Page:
At least 34 supporters of deposed leader hurt after thousands of people join rally.
King Mswati of Swaziland, who was chairing the summit, had earlier said that the recent takeover was unconstitutional and “violates basic principles, protocols and treaties”.
Rajoelina led months of protests against Ravalomanana, accusing him of misspending public funds and behaving like a dictator, before the president stepped aside after losing the support of elements of the military.
Ravalomanana transferred his powers to a group of military leaders on March 17, but they quickly asked Rajoelina to form a transitional authority.
He has pledged to hold presidential and parliamentary elections within two years, as well as vowing to change the constitution.
Sadc’s decision leaves Rajoelina largely isolated on the international stage.
The United States and the European Union describing the transition as a “coup”, while the African Union suspended Madagascar on March 20 and told the new administration to hold an election within six months.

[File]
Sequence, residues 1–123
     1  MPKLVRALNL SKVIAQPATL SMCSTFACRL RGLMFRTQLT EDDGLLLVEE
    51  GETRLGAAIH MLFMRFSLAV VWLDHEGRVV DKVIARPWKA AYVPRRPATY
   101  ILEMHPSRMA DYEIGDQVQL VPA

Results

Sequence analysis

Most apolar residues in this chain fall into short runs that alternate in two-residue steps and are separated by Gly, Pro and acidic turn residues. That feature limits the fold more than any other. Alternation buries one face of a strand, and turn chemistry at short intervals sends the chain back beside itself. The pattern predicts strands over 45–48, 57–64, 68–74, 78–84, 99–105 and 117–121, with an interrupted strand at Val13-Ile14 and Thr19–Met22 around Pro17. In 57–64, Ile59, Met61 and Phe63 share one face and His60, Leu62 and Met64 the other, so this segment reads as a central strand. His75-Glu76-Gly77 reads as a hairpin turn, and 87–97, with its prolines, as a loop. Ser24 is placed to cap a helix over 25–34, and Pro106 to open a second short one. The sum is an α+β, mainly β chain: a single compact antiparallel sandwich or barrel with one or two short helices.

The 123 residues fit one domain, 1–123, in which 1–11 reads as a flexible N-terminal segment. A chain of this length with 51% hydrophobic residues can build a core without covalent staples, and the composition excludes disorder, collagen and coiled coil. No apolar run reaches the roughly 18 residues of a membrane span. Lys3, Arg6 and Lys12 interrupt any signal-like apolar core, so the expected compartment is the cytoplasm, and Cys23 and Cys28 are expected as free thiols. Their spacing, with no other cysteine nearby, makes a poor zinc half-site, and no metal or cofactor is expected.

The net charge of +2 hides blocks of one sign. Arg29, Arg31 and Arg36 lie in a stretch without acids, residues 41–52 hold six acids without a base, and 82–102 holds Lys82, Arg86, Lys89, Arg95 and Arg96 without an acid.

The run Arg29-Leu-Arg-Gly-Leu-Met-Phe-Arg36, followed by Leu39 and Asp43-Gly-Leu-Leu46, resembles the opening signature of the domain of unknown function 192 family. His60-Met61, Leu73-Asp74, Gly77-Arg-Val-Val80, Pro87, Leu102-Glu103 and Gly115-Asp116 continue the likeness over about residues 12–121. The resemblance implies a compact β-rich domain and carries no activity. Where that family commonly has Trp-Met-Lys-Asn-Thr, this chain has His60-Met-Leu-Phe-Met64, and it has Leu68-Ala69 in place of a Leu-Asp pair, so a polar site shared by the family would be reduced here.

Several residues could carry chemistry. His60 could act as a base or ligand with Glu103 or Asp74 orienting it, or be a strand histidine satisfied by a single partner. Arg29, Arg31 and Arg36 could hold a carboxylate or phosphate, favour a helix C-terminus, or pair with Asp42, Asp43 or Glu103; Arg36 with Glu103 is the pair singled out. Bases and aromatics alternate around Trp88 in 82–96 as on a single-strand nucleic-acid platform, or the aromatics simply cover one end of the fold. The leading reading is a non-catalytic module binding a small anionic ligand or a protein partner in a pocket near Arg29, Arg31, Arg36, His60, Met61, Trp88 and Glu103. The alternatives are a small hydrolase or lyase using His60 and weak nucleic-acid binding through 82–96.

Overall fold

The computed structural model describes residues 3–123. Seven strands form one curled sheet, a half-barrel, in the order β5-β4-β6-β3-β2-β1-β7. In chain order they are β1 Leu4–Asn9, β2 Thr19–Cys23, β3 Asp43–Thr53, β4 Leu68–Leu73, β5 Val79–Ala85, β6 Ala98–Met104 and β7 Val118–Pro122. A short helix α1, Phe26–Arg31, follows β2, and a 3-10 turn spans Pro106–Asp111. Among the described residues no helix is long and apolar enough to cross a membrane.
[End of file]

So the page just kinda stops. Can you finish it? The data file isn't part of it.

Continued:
However, Rajoelina remains defiant and, before the decision was made by Sadc, he questioned the body’s relevance.
“I can’t decide alone, but it is not in the interests of Madagascar to be a member,” he said.
“The prospect of an Sadc intervention is unacceptable. Other states cannot interfere with the decision of [Madagascar’s] high constitutional court.”
Rajoelina also said that auditors were reviewing all contractors with foreign investors as the country was receiving too little revenue.
“When you look at the rate of fees fixed, and those that must be paid, there is a large gap,” he said. “This concerns all the contracts, especially in the mining sector.”